The way students hold a pencil or pen to write, the manner in which they orient their paper, heir posture while writing, and the way in which they form their letters will be carried over to adulthood.

Copying and Reproduction Skills

Many parents are concerned with their children’s handwriting abilities.  Graphomotor performance is related to visual analysis, motor planning, and spatial organization. 

Writing and copying skills principally relate to the following visual skills:

  1.  Fixation – the ability to direct and maintain steady central visual attention on a target.
  2. Ocular motor skills – the neuro-muscular control skills which point the visual system on a moving target (pursuit eye movements) or jump from one object to another as in reading (saccadic eye movements).
  3.  Accommodation – the vision skill which involves focusing.
  4.  Binocularity – the ability to team the eyes.  This allows for coordinated eye movements as targets move from distance to near.  This skill has a sensory and motor aspect, information on location (depth perception) and allows both eyes to remain on the target as it moves closer and further from the eyes.

 Children have been asked to write meaningful material before they have learned to write.

    

We often hear the term “reading readiness”

(a time when the child is developmentally ready for reading).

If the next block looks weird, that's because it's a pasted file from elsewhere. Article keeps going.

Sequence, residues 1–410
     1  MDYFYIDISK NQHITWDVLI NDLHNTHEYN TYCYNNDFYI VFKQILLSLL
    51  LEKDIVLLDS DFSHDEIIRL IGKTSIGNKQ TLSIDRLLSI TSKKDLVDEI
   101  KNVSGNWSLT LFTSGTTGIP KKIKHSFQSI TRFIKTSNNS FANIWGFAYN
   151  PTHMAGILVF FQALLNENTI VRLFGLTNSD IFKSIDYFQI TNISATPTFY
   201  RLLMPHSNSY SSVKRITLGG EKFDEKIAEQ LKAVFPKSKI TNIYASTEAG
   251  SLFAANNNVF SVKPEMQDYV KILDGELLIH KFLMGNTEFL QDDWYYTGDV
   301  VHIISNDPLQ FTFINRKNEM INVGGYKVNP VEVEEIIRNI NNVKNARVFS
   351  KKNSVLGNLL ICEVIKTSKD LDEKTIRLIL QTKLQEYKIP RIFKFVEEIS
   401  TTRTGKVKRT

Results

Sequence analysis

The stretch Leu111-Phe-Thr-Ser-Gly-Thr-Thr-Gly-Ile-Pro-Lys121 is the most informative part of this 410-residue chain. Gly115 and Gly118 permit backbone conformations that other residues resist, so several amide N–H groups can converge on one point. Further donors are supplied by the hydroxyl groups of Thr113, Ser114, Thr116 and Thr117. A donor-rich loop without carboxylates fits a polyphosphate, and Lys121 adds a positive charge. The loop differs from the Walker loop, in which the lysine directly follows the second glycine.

We seldom hear of “writing readiness.”

Reports show that children with learning disabilities, in addition to having reading problems, tend to reverse letters, invert letters, place letters and numerals on their sides, mirror their writing; in general have numerous handwriting problems.  These errors have been reported as “additional problems.” Such writing however is the cause of vision problems.

Mistakes, wrong moves, incorrect sequence, etc. have been shrugged off as unimportant.  As a result, many early handwriting problems have been permitted to become established as habit.  This, we contend, is responsible for many of serious reading problems from which 15% of our children suffer.

Life after stroke

NATIONAL STROKE ASSOCIATION

TYPES OF REHABILITATION

There are three primary means of rehabilitation.

Physical therapy (PT) helps restore physical functioning and skills like walking and range of movement. Major impairments which PT works on include partial or one-sided paralysis, faulty balance and foot drop.